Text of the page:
Ethiopianism, History and a Lesson from Nietzsche

4 min read

እንዳምናው ባለቀን፤ ያምናውን ከቀጣ፤ አዲስ ንጉስ እንጂ፤ ለውጥ መቼ መጣ? [Cover picture by @Mudot_00 on Instagram]

"Whoever fights monsters should see to it that in the process he does not become a monster. And if you gaze long enough into an abyss, the abyss will gaze back into you." 


As Ethiopians, I believe, there's some feeling that overwhelms us listening to GiGi's Adwa... something that takes over us when we are watching our athletes/football players in the international arenas... but when you deeply search our lives in accordance to our time, you'll define it merely with two words: pathetic pride. And here is why I made this rather bold statement.

It would be a fat lie if one said they are ever-present, I would say. We humans are blessed and/or cursed by the ability of retrospection. Our memories make up who we are and are tied very closely to our identity. All the nostalgic feelings one has might arguably be used to make one distinctly different. Since no one makes exactly similar observations about varied experiences, the moments we save in our brain and the interactions we make somehow make everyone unique. However, it is not healthy to ruminate the "was". I mean think about it: bartering the most expensive thing on your hand with the cheapest thing that's one thought away is a bit of a stupid move, aye? Yes, we all fall for it, but it is certainly terribly stupid and even worse—it kills our inner peace by using weapons like what if, could’ve, would’ve and should’ve.

"What does my self-destructive habit got to do under an essay titled 'Ethiopianism...'?" We are getting there. Patience, please?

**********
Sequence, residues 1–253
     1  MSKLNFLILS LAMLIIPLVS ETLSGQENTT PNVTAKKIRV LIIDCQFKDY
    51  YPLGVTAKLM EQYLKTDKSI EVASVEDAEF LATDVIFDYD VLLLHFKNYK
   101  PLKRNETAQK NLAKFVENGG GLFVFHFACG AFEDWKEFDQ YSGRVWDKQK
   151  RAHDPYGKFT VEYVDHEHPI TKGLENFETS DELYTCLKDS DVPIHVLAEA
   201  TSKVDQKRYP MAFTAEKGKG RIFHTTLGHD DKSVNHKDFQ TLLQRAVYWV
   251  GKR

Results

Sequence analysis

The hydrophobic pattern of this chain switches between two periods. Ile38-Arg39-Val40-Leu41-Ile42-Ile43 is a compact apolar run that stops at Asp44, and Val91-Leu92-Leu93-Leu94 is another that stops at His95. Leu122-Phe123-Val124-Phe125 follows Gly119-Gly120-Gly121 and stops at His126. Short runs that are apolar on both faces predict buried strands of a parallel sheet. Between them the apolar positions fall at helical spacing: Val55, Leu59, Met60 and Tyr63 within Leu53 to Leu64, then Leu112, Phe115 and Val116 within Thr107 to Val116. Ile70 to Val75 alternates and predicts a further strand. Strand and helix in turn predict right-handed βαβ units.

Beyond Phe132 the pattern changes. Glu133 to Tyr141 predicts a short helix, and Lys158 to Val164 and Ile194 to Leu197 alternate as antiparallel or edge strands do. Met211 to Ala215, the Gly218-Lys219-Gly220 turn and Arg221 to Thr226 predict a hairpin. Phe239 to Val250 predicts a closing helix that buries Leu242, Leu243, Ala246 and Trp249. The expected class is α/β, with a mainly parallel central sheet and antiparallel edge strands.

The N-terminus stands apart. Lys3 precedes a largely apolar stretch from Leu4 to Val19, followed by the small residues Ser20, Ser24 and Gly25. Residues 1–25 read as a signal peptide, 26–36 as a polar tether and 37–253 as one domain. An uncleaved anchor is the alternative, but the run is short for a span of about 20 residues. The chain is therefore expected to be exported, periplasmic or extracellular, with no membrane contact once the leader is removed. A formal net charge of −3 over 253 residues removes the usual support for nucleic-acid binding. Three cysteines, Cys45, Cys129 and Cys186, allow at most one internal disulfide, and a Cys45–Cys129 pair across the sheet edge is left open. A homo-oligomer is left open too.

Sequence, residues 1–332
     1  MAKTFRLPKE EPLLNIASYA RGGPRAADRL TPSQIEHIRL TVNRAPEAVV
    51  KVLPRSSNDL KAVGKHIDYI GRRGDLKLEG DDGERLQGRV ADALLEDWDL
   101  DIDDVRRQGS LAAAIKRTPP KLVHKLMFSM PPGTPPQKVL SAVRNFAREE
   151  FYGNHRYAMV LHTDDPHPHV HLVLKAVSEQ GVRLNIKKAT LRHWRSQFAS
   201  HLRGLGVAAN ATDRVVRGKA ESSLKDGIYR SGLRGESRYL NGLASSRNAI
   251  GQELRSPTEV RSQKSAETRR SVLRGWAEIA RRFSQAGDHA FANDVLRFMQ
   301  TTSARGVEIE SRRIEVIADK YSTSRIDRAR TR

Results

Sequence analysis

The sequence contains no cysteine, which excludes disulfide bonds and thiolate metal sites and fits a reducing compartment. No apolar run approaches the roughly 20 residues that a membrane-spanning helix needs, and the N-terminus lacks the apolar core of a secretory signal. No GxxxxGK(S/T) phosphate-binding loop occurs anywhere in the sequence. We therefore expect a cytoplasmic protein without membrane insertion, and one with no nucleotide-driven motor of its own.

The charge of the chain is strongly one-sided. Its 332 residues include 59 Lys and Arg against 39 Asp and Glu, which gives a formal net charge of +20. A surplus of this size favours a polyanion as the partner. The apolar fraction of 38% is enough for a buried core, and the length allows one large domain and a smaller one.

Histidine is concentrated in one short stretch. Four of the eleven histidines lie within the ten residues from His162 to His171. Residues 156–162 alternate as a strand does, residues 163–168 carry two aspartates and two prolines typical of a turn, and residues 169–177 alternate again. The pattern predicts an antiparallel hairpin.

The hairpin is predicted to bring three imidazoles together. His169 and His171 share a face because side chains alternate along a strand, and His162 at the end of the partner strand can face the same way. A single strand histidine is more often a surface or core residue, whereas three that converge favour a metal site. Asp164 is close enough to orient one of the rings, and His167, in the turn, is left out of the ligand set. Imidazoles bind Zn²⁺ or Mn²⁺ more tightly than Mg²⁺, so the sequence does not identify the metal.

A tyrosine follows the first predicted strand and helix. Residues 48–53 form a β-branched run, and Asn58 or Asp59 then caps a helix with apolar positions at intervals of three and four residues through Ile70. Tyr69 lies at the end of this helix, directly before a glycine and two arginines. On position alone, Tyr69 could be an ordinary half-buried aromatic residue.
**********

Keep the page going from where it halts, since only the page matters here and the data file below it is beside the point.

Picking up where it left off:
As a healthy, sane person reflecting on the mistakes your past self made, you would (after having a healthy amount of time to cuss yourself out) take constructive notes to guide you to live a better life. In other words, you would use your mistakes as stepping stones to get to a beautiful destination: a better you.

The opposite of this would be wasting your rather short time as a conscious being in this vast universe tormenting yourself and dying a pathetic death by which you would regret helluva stuff on your deathbed.

This is what we are doing to Mama Ethiopia... sort of. We keep fixating on what the past holds that we have refused to look forward to anything. Yes, we do have ugly histories, but when we gaze for long at the words written on our history, we forget it's the action/idea that was ugly. We then forward the rage against someone dead and let the remaining group of people (closely linked to that someone) above the grave be the outlet of that rage. And going back to Nietzsche, we become the monsters without noticing it... we ended up burning down everything we imagined were lighting up via the torches in our palms...

A friend of mine once said, "Welcome to adulthood where mtsm is your motto." Of course, I laughed hard at that very moment. But the reality hit me and didn't know what to feel. Adulthood is a coin, and on one of its faces is carved an open eye, on the other two hands held together. "The eye" representing how vulnerable we are to news of all kinds around us regardless of our ability to do something about them. The "held hands", a representation of the opportunity of working together in order to bring positive change. And it's good to hope. It is uncomfortably comfortable to hope (especially with the current news about our Ethiopia). And I don't believe every article regarding issues with heavy unresolved crises like this should end with some cliche, "Ayzon, the future is bright". I would rather leave it without a proper conclusion because… yeah.

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